Jerusalem gay rights group delays WorldPride events due to Gaza withdrawal
A gay rights group in Jerusalem has delayed an international gay festival scheduled for August, citing Israel's planned withdrawal from the Gaza Strip during the festivities, organizers said Sunday.
The Jerusalem Open House for Pride and Tolerance said it postponed WorldPride 2005, a 10-day gathering that includes street parties, workshops, and a gay film festival, until August 2006.
Muslim, Jewish, and Christian religious groups had hotly opposed holding the festival in Jerusalem. But Noa Sattath, the group's head, said the delay was not related to the religious opposition. "The religious pressure only gives us more motivation, but the message is supposed to be of tolerance, pluralism, and equality, and that can't be done in August this year alongside disengagement," Sattath said.
The "disengagement" plan to withdraw from all Gaza Strip and four West Bank settlements was initially supposed to begin in July. But last week Prime Minister Ariel Sharon postponed the pullout until August 15 because of a three-week Jewish mourning period commemorating the destruction of the biblical temples.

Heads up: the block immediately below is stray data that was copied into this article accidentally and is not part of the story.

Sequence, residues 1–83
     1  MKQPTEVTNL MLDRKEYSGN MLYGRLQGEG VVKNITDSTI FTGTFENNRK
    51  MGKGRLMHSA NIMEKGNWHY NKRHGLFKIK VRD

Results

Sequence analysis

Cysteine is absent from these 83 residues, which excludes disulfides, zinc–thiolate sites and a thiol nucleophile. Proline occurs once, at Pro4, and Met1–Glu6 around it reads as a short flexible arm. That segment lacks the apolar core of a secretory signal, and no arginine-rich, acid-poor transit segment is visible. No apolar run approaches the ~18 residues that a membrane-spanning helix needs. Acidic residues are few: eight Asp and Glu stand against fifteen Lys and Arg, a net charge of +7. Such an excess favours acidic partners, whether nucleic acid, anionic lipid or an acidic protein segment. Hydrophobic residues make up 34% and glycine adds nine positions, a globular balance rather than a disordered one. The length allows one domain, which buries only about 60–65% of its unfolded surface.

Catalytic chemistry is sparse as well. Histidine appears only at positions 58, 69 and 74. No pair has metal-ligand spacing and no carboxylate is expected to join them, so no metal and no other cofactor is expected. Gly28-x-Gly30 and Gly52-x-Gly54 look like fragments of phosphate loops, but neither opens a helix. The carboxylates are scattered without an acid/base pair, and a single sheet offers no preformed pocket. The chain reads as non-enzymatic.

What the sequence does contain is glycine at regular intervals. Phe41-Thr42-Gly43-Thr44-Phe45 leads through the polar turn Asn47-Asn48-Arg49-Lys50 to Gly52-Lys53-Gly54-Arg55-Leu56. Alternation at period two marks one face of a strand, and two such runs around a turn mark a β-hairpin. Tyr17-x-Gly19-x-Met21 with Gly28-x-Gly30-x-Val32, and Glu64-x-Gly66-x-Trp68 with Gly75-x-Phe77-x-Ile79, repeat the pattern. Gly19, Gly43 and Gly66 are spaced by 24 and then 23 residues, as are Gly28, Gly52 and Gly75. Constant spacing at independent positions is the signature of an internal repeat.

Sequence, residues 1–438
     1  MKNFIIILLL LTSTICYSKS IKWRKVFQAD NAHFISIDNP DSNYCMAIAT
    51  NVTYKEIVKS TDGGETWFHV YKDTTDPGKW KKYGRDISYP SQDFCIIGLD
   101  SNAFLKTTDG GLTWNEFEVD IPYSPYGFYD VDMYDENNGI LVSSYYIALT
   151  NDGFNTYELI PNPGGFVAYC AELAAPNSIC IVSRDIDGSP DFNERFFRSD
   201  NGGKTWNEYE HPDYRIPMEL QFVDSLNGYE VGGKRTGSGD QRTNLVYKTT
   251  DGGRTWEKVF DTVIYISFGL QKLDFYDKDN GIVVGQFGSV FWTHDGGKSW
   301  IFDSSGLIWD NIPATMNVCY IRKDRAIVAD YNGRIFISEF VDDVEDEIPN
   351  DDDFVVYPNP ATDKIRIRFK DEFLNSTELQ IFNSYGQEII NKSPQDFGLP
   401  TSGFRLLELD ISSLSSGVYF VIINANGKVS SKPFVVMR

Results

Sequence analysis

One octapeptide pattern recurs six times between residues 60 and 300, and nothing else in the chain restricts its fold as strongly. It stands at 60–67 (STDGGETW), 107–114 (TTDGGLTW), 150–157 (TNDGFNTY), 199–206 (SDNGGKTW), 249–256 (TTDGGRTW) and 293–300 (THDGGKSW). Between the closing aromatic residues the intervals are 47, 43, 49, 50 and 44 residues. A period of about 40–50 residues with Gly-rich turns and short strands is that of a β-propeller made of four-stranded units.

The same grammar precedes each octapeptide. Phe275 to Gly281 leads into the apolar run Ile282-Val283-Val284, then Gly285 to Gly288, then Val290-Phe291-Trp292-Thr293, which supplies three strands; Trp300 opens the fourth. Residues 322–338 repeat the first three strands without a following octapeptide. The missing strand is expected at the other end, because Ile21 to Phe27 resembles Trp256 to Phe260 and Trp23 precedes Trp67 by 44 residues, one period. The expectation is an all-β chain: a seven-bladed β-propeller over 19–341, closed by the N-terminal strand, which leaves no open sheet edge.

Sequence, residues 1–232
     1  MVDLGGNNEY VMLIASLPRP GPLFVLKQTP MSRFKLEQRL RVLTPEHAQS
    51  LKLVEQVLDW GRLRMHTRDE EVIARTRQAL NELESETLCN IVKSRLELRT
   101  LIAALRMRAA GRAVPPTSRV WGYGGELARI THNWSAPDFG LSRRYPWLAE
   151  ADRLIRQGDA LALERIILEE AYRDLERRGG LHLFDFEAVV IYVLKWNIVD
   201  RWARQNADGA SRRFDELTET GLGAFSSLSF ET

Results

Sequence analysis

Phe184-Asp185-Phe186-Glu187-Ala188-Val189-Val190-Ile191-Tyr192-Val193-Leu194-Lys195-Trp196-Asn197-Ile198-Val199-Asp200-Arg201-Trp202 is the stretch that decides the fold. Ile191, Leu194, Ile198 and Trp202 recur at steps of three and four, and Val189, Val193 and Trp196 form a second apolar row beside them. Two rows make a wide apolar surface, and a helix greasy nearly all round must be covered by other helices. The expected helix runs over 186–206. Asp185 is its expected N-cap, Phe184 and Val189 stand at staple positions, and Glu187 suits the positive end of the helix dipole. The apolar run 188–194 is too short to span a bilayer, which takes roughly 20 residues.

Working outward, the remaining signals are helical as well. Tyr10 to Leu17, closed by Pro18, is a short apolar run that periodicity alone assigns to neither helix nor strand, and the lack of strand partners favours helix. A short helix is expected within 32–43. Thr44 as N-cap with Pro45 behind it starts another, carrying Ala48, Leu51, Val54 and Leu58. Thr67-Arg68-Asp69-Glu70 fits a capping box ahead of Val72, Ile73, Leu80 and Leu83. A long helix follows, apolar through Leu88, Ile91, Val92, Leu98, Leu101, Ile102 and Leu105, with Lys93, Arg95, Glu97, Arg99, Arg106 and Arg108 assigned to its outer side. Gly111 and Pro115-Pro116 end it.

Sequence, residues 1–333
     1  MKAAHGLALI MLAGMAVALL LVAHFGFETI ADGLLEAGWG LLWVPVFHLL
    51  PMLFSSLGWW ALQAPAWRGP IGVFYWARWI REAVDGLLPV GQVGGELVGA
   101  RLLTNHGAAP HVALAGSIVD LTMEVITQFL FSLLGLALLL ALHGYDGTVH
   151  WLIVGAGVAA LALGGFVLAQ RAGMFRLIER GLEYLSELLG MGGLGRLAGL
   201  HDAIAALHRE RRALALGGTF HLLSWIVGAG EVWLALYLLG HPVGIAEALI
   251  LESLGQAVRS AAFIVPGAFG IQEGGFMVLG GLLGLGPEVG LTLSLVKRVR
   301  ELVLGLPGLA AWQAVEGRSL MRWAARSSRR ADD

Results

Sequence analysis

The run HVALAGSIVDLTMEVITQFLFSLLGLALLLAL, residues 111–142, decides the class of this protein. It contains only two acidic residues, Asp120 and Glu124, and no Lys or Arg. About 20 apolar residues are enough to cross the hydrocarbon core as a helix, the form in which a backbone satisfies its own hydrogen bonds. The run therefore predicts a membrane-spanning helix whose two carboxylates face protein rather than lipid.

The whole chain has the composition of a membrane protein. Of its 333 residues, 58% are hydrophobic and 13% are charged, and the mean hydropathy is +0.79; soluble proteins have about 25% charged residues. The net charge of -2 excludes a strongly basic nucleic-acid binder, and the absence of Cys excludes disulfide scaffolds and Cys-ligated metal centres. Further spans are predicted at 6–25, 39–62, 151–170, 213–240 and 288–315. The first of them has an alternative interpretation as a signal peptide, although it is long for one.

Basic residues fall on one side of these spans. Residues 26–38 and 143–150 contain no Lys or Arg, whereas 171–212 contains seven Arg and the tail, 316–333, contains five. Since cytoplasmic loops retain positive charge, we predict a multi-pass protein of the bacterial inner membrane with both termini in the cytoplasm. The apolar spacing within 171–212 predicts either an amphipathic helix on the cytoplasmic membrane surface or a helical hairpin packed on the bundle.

Holding the gay festivities during the pullout--which is expected to be fiercely opposed by Jewish settlers and their supporters--would do injustice to the values of the WorldPride festivities, Sattath said. "We have taken this decision out of consideration to the most difficult political climate expected in Israel this August. As a community we are deeply engaged in the complex reality surrounding us," she said.
Although the international festivities have been delayed for a year, the annual local Jerusalem pride will take place on June 30. (AP)